Ronald G. Wheeland, M.D.
Ronald G. Wheeland, M.D., is a private practitioner in Tucson, Ariz. He is former president of the American Academy of Dermatology, the American Society for Dermatologic Surgery and the American Society for Laser Medicine and Surgery, and a long-standing member of the Dermatology Times editorial Advisory board and a co-medical editor.
The vanishing act of solo practice
Healthcare is being delivered in a different environment from that of our predecessors, Dr. Wheeland says. Is it still possible for the solo dermatologist to succeed?
The promises of lasers and light-based technologies
Dr. Ron Wheeland reviews the past, present and future of laser and light-based technologies.
The Joys of Spring Cleaning and Sharing Knowledge
After a sudden urge to tidy up his office, Dr. Ronald G. Wheeland developed another urge to figure out what to do with his old dermatology books and journals.
My proposed plan for diversity in dermatology
My proposed plan for diversity in dermatology
I believe that the only way to increase diversity in medicine and particularly dermatology is to begin this process early in school age children. Here's what I suggest.
Predicting the future of dermatology
Check out Dr. Wheeland's editorial as he shares what he believes the future of dermatology will become and how it will be practiced several decades from now.
Why you should mentor the next generation of derms
Why you should mentor the next generation of derms
An exploration of the role of mentoring in the medical community, medical education, and learning in general.
Do you whistle while you work? You should.
If someone wants a certain type of lifestyle, he must do what’s necessary to attain that goal. I don’t think it matters if dermatologists practice as soloists or group members.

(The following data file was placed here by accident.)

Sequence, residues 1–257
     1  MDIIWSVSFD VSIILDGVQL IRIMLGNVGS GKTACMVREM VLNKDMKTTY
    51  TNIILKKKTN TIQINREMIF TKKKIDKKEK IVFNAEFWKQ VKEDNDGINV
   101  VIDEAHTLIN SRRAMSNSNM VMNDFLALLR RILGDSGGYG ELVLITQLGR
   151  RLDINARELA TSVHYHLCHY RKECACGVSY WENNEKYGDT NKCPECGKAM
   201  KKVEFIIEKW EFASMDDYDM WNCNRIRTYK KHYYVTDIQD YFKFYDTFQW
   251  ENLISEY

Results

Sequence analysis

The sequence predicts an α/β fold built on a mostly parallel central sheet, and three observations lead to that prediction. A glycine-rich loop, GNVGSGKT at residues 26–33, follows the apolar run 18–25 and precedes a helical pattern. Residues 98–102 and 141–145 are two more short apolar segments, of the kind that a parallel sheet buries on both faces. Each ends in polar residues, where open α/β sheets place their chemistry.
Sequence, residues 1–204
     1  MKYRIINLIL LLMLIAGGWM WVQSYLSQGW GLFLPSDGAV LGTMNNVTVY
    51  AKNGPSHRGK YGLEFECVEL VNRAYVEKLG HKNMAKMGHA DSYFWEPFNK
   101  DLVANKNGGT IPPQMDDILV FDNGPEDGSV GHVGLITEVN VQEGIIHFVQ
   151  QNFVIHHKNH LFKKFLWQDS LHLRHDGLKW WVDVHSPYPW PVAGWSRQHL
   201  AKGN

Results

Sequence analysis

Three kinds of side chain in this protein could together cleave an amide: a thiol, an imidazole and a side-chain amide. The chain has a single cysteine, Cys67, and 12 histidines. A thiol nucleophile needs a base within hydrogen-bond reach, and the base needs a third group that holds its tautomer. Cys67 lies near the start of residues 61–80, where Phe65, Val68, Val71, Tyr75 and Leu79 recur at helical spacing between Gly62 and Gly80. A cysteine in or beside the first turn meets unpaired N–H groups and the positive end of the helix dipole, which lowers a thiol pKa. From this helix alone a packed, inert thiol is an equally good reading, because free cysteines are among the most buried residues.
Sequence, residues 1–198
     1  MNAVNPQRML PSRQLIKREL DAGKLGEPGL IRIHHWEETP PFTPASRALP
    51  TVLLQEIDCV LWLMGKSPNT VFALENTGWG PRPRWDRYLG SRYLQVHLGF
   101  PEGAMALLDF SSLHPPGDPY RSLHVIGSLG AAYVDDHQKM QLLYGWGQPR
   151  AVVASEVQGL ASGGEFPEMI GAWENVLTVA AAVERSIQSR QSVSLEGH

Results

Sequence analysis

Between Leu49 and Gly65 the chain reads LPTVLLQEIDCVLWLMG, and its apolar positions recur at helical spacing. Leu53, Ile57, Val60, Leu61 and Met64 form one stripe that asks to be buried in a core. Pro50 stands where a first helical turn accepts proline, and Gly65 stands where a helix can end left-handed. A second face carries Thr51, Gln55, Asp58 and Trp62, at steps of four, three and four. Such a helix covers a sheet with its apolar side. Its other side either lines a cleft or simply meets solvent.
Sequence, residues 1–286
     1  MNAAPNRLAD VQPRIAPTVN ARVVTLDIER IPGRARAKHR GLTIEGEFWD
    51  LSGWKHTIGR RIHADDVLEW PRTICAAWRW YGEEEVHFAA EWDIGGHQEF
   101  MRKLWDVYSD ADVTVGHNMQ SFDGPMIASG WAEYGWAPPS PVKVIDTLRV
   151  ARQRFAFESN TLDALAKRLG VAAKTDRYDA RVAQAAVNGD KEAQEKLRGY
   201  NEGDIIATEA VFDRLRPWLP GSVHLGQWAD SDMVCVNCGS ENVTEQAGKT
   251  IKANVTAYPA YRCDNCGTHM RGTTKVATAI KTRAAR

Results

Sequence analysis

Paying it forward through mentoring
[Mentoring] “teaching” per se; although, education is usually a part of the process. Mentoring is more the action of providing help or assistance in dealing with some problem or issue that the mentee is having difficulty in dealing with it.
Should dermatologists change the way we do business?
Several weeks ago an editorial appeared in our local newspaper. The basic premise of this editorial is that we doctors aren’t doing enough “to control healthcare costs.” This is in spite of the availability of an $840 million grant program under the ACA “to teach Medicare and Medicaid doctors new ways to offer higher-quality, better-coordinated, more cost-effective care.” From my experience as a practicing dermatologist in both academics and private practice, I have always felt that the specialty of dermatology was extremely cost effective while delivering high quality care to our patients. Providing high quality healthcare at a reasonable cost is not only incredibly difficult but also extremely complex.


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